This is nothing like the kormas you find at most Indian restaurants around the UK. I learned how to make it while on one of my many visits to my favourite local Indian restaurant, Table Talk. It’s a very old recipe and I have to say, it is so good.
It’s also quite spicy. If you like your curries milder, just reduce the amount of chillies or omit them all together.
Not me… I love the spice. I made this with a half leg of lamb, which was just enough meat for the curry. Back in India and Bangladesh, this recipe would be made with goat meat which I highly recommend trying if you can get it.
The key to success is in the long cooking time. Please don’t rush it, especially if using mutton or goat meat. Cook it all low and slow until the meat is melt in the mouth tender. You’ll be glad you did.
Not only does the longer cooking time make it more enjoyable to chew, it also adds to the flavour.
I’ve been to so many restaurants where they’ve obviously tried to get the dish out before it’s ready. At good Indian restaurants, the meat is always slow cooked in a sauce before adding to the curry to ensure that it is spot on when served at a busy restaurant.
Tip: If you have the bone of the leg of lamb, cut it into three pieces and roast it for about 30 minutes until good and brown. Then add it to the sauce while simmering.
Take a look at my other lamb recipes if you enjoyed this one:
Pre Cooked Lamb
Pre cooked chicken
Keralan Lamb Curry
Stir Fried Lamb
- 800g leg of lamb cut into cubes - Retain the bone if you have it.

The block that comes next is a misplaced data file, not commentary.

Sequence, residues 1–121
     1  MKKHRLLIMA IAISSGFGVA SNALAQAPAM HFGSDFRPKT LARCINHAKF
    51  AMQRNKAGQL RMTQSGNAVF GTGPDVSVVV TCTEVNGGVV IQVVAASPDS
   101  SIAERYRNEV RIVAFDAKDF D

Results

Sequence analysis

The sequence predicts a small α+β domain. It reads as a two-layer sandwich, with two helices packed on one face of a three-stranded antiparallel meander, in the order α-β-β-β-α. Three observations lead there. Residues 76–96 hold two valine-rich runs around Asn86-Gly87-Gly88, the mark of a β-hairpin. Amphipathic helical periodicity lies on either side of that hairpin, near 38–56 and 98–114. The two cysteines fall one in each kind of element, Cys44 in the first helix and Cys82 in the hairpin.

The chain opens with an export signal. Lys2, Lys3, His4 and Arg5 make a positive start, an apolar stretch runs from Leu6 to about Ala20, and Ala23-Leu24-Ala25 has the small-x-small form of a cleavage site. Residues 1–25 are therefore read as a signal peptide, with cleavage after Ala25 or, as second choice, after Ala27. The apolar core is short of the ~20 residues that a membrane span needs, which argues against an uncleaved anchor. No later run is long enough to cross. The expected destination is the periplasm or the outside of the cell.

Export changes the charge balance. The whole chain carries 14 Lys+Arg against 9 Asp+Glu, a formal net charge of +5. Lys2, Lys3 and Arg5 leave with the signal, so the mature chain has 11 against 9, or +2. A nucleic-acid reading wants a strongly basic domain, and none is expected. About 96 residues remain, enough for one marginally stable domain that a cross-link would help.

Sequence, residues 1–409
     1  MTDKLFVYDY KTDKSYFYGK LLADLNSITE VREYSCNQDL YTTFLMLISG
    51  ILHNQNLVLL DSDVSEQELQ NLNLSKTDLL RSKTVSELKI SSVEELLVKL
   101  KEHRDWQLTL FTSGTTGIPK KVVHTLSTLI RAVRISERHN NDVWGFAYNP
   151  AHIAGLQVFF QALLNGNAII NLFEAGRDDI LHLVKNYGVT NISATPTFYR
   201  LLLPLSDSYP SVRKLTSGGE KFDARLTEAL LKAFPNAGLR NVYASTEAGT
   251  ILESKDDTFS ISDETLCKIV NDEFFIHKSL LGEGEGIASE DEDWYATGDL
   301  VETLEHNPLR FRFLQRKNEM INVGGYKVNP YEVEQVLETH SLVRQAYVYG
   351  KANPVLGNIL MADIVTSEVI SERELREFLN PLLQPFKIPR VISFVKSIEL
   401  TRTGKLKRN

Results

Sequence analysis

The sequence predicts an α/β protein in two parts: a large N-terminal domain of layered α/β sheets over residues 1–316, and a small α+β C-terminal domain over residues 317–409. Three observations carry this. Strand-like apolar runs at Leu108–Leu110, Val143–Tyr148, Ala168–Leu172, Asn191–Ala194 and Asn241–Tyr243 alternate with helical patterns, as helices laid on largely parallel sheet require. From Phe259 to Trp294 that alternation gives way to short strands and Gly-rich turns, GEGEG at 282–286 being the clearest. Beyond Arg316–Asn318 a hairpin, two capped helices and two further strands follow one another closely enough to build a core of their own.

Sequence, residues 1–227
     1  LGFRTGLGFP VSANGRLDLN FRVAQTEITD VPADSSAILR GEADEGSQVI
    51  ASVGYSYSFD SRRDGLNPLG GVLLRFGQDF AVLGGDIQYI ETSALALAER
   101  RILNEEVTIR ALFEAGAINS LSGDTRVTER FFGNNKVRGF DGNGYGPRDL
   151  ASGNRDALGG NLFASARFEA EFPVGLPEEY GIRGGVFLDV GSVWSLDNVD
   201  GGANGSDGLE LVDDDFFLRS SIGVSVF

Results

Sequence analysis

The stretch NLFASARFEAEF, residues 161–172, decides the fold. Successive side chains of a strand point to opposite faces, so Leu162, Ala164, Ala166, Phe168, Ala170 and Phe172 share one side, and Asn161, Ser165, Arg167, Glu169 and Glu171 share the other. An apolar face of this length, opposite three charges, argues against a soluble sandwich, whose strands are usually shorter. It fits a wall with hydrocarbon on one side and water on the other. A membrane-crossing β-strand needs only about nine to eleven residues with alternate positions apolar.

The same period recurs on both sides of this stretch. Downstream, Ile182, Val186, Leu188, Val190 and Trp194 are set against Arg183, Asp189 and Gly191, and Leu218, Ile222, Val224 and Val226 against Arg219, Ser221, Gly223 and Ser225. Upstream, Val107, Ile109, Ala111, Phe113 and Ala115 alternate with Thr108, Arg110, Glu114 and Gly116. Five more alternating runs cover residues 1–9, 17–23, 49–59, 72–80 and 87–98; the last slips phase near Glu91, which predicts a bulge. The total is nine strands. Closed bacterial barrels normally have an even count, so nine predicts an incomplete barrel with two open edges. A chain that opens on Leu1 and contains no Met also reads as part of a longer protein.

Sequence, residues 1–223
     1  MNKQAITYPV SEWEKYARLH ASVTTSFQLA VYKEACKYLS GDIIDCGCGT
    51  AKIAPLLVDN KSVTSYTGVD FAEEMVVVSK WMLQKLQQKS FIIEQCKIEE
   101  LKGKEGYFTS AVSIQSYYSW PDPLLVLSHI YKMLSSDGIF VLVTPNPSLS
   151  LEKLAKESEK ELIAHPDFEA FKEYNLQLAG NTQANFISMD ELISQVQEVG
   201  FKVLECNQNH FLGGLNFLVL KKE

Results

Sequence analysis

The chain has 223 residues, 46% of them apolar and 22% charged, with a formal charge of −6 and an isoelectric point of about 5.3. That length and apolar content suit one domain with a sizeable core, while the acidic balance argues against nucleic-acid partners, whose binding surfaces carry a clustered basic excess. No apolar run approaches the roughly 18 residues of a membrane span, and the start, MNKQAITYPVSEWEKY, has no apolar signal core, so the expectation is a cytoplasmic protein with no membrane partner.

- 3 tablespoons ghee
- 2 tablespoons garlic/ginger paste
- 3 black cardamom pods (or 6 green pods)
- 3 onions - finely chopped
- 3 fresh green chillies - finely chopped
- 2 tablespoons desiccated coconut
- 1 tablespoon garam masala
- 3 tablespoon almond flakes
- 200ml coconut cream
- Salt and pepper to taste
- Heat the ghee in a large frying pan or wok.
- When bubbling, toss in the cardamom pods and allow to sizzle for about 30 seconds.
- Now add the chopped onions and fry until soft and translucent (about five minutes).
- Spoon in the garlic and ginger paste and stir to combine.
- Fry this combo for about two minutes and then throw in the green chillies. I like this curry spicy so I do tend to add a few more than the three suggested.
- After about a minute, pour in the garam masala and desiccated coconut and stir it all up, followed by the diced lamb and brown it for roughly three minutes.
- Add just enough water to stop the meat and onion mixture from sticking to the bottom of the pan and continue stirring and adding a drop of water here and there for about 15 minutes.
- Now add the almond flakes followed by the coconut cream along with just enough water to cover.
- Cover the pan and simmer for 40 minutes or longer if needed. If using goat or mutton you will need to add another 20 to 30 minutes cooking time.
- The lamb korma is ready when the curry is quite dry (as pictured) and the onion coated meat is very tender.
- Check for seasoning and add salt and pepper to taste. Serve hot with naans.
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